It is also possible the Australian Defence Force may be needed in its primary role and so personnel would not be available to aid the civil infrastructure. Also some civilian medical personnel and other specialists are military reserve personnel who would be called to duty, so not available for for pandemic duties.

In addition, there could be cyber attacks on our infrastructure which directly limit medical and vaccination facilities. These could interrupt power supplies long enough for vaccine stocks to be destroyed and stop distribution and booking.

Also it is possible that information warfare could be used to undermine confidence in the authorities and ferment civil unrest. This could see fake information used to discredit officials and the community against each other. This would reduce vaccination rates, and may also case people to stop social distancing, spreading the virus and even attacking the infrastructure used to keep them safe. 

One of Australia's major international customers may decide to limit purchases of Australian goods and services, limiting the nations's ability to pay for imports of essential medical supplies. 

Any or all of these could happen without warning at any time. While these may sound far fetched, would you have believed a warning about a pandemic 19 months ago? In 2009 the assignment I set my web students at the Australian National University was to design a pandemic web site for Australia. Some of my colleagues thought this a little odd: when would those skills ever be needed?

Monday, July 26, 2021

The digital Estonian

Greetings from the ANU where Ms Kersti Eesmaa, the Estonian Ambassador is giving an entertaining talk on how her country became the most digital. This includes e-voting, e-tax, e-health and just about e-verything. They have backed up the country's records in Luxembourg and are considering Canberra. The ambassador complemented Australia's online services but suggested it was tie for one national ID  At qesttion time I asked about e-residency and the ambassador asked when I would drop in to get my card.

Thursday, July 15, 2021

Provide Online Informed Consent for COVID-19 Vaccination

The ABS reports that only 73% of Australians would get a COVID-19 vaccination. Of the others, 52% were worried about side-effects and 15% effectiveness. In response, I suggest that Australia's National Cabinet approve the use of online informed consent using multimedia in multiple languages, to streamline COVID-19 vaccination, using any of the vaccines approved for use in Australia for any adult of any age.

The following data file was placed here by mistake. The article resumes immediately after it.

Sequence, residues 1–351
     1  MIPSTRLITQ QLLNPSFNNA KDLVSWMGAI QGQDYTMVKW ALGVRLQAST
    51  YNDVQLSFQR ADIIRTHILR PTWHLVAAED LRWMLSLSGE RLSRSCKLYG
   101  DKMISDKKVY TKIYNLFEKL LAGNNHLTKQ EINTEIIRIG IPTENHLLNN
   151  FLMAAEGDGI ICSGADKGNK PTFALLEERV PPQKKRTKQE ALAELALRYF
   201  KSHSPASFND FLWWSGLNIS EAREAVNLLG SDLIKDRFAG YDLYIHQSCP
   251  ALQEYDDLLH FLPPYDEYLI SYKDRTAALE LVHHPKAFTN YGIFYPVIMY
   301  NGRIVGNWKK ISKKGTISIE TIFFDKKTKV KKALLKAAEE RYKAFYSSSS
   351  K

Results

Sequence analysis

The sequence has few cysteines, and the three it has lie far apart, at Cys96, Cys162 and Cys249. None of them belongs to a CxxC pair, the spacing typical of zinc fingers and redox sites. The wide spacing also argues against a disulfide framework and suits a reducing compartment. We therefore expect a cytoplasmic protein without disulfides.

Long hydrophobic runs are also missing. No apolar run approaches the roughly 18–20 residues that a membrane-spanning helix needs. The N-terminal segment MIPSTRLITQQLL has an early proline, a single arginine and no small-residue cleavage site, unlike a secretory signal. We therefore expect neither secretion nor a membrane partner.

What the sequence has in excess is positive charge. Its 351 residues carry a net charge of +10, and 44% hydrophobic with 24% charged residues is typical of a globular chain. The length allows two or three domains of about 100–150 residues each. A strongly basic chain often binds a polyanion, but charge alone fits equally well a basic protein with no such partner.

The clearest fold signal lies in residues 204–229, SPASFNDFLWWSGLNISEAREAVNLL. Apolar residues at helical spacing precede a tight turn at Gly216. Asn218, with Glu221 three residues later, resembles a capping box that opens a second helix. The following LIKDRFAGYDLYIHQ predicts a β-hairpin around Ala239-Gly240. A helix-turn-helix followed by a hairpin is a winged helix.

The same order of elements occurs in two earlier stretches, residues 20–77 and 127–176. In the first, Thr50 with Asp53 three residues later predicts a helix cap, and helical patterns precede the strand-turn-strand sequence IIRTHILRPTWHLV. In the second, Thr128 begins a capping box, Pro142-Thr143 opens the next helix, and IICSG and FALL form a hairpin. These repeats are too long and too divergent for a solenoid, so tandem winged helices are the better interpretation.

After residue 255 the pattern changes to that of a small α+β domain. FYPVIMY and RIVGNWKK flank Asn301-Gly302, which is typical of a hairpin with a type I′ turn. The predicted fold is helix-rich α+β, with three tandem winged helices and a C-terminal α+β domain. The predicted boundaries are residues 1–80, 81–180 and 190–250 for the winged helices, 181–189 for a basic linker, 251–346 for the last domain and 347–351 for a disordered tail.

The Australian Technical Advisory Group on Immunisation (ATAGI) has advised

"... AstraZeneca vaccine can be used in adults aged under 60 years where the benefits clearly outweigh the risk for that individual and the person has made an informed decision based on an understanding of the risks and benefits".


"Noting the current constrained supply of the Pfizer vaccine, ATAGI also recommends adults under the age of 60 who do not have immediate access to the Pfizer vaccine should consider the benefits and risks of earlier protection through the AstraZeneca vaccine. "

However, that advice has been implemented in a way which makes it very difficult for anyone who does not have a GP with supplies of AstraZeneca, from being vaccinated. 

The Australian Government provides a document "Weighing up the potential benefits against risk of harm from COVID-19 Vaccine AstraZeneca" to assist with informed consent. But, this is intended for doctors to help explain to patients. As a result those who don't have a GP to explain it to them cannot give informed consent and so cannot be vaccinated at mass vaccination center. 

I suggest National Cabinet decide that a standard audio-visual package in multiple languages be prepared. This would be added to online booking systems, allowing any adult to give informed consent to an AstraZeneca vaccination online. Any adult should be able to walk into any vaccination center at the booked time, show ID and be vaccinated immediately, without the need to speak to anyone, or fill in any paperwork.

Individuals would still have to option to visit their doctor to discuss vaccination. However, I suggest our leaders now need to ask every Australian to accept that the risk, in the interests of their family and the community to get vaccinated now.

Saturday, July 03, 2021

Make Getting a Vaccination Should be as Easy as Ordering a Pizza